If she notices my hurt look she doesn’t show it. “Cat, I know you think I’m useless but I’ve actually been working pretty hard lately. I’ve barely got out of the office before half seven the last couple of weeks. Tonight I got back about ten minutes before you did.”
“Oh, you poor thing,” she says in Mondeo-voice. Then she glowers at the hoover. “What’s that doing out?”
I’m frustrated by the lack of gratitude in her voice, but that’s not it. Or at least, it’s not all of it. Last night she was telling me at great length and great volume that she was sick of my laziness, my shiftlessness, my all-round failure to get on in life. That is why I ended up sleeping on the sofa. That is why I woke up with this agonising crick in my neck. So today I’ve cooked and I’ve cleaned and I’ve bought her flowers and I’ve fabricated a raise. I’m not expecting thanks but I’d appreciate some sign that she’s noticed. I’m breaking my back to clean up after last night’s mess and she won’t even meet me halfway.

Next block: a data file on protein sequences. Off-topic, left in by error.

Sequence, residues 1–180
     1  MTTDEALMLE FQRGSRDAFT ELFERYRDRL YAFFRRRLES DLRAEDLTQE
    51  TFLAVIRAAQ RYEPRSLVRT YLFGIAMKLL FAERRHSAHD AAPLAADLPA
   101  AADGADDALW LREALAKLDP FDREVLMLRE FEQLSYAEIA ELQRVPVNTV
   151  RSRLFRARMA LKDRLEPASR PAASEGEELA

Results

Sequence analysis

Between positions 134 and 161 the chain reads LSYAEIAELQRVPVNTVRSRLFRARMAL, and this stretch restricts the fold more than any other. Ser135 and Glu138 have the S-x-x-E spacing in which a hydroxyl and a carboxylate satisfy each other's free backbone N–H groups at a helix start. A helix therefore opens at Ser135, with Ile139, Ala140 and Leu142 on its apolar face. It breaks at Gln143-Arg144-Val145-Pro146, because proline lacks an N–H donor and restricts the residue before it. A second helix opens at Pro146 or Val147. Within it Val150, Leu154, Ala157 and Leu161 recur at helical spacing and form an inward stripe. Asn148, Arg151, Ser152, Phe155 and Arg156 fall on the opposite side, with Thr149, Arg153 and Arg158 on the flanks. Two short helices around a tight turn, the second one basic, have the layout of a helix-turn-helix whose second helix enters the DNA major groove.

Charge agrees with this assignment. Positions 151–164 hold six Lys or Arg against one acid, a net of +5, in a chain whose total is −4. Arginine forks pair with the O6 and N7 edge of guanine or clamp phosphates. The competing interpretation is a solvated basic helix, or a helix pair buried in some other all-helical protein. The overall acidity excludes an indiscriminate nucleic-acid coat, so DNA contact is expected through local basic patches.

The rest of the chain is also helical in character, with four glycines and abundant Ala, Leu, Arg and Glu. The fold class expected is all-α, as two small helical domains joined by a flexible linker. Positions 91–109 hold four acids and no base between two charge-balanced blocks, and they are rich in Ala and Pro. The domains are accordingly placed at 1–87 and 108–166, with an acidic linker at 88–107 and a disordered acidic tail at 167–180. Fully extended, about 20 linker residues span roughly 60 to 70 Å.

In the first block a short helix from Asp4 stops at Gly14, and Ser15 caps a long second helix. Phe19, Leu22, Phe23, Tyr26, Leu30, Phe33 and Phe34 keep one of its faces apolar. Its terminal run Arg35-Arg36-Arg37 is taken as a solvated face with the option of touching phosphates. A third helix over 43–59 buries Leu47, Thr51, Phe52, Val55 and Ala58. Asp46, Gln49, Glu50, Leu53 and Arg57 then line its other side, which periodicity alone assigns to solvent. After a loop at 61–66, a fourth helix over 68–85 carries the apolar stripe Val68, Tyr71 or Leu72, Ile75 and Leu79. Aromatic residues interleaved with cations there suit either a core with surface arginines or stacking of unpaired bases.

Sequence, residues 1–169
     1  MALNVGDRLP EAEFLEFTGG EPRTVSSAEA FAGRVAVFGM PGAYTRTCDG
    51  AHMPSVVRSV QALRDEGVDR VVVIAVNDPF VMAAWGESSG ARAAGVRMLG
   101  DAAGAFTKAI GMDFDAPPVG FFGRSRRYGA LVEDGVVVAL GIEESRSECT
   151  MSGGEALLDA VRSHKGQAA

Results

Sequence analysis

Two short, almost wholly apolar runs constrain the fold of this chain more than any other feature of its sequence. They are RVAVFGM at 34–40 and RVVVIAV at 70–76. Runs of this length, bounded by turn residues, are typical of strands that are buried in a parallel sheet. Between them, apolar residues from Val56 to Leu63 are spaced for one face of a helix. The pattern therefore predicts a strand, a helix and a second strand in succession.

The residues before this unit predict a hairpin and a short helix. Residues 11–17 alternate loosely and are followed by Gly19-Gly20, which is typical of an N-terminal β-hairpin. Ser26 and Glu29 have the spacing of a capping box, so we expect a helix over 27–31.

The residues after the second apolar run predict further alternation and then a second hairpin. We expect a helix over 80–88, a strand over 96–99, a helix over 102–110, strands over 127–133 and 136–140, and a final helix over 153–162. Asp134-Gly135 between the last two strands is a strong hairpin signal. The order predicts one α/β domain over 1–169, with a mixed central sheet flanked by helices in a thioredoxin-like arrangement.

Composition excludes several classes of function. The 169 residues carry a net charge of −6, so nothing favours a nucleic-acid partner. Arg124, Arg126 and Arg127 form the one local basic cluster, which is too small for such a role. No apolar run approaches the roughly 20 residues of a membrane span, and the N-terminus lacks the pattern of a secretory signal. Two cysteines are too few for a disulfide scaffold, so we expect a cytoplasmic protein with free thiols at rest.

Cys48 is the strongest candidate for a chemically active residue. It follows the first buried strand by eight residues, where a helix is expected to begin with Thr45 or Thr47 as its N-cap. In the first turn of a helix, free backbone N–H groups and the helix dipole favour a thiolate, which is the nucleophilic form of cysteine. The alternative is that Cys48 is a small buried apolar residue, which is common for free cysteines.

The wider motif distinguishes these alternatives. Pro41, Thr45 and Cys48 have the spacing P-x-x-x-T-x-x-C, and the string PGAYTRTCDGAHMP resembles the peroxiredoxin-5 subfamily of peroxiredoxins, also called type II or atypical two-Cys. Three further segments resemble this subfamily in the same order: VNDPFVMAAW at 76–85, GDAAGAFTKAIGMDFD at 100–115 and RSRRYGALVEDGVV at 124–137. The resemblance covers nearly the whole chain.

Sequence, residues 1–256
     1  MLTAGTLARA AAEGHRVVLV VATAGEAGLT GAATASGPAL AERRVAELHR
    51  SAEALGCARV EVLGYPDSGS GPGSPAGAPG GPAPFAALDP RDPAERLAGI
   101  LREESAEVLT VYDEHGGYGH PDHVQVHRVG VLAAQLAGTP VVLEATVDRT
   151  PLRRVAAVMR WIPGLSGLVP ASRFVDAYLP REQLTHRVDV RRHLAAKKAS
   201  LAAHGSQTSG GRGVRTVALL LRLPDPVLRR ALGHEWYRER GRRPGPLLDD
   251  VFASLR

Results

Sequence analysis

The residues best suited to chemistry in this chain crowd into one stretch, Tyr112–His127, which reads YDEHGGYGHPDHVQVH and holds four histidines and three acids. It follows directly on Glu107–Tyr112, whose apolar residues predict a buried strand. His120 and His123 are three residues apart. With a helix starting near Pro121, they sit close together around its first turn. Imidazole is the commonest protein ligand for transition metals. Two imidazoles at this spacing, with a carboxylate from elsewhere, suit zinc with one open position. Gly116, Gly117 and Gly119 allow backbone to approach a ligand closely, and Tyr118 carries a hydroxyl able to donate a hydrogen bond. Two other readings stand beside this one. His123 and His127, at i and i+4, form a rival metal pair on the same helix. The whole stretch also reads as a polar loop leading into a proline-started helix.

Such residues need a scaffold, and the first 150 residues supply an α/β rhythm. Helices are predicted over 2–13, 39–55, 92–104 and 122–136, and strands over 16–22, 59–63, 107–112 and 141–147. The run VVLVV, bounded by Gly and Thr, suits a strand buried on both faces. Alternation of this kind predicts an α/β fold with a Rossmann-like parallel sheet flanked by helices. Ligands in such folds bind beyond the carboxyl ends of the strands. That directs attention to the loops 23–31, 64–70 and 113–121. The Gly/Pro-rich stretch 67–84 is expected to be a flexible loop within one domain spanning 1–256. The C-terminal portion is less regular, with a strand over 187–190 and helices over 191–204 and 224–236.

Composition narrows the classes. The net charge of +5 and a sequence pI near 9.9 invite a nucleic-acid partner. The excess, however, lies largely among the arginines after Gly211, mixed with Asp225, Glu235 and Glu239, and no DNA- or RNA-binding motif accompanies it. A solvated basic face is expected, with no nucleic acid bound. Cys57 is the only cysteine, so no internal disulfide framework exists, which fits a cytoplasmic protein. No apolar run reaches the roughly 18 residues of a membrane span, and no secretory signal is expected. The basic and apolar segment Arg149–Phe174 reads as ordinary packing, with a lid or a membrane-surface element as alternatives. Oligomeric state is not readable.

And why should she, when she’s halfway out the door.
So when she asks her third stupid question in a row, this time, I rise to it. “Did you do that today?” she asks, and I snap back, “No, last February. Of course I did it today, I didn’t get it out to commemorate the anniversary of the great clean up of January ‘ought two, did I?”
I abandon the cooking to give her the full benefit of my exasperation. The sauce needs turning down, but I don’t care, it’s ruined anyway. “For god’s sake, Cat. I cook, I clean, I bite my tongue. I’m trying to reconnect, here. Do you want to maybe help instead of just greeting everything I do with this weird air of suspicion?”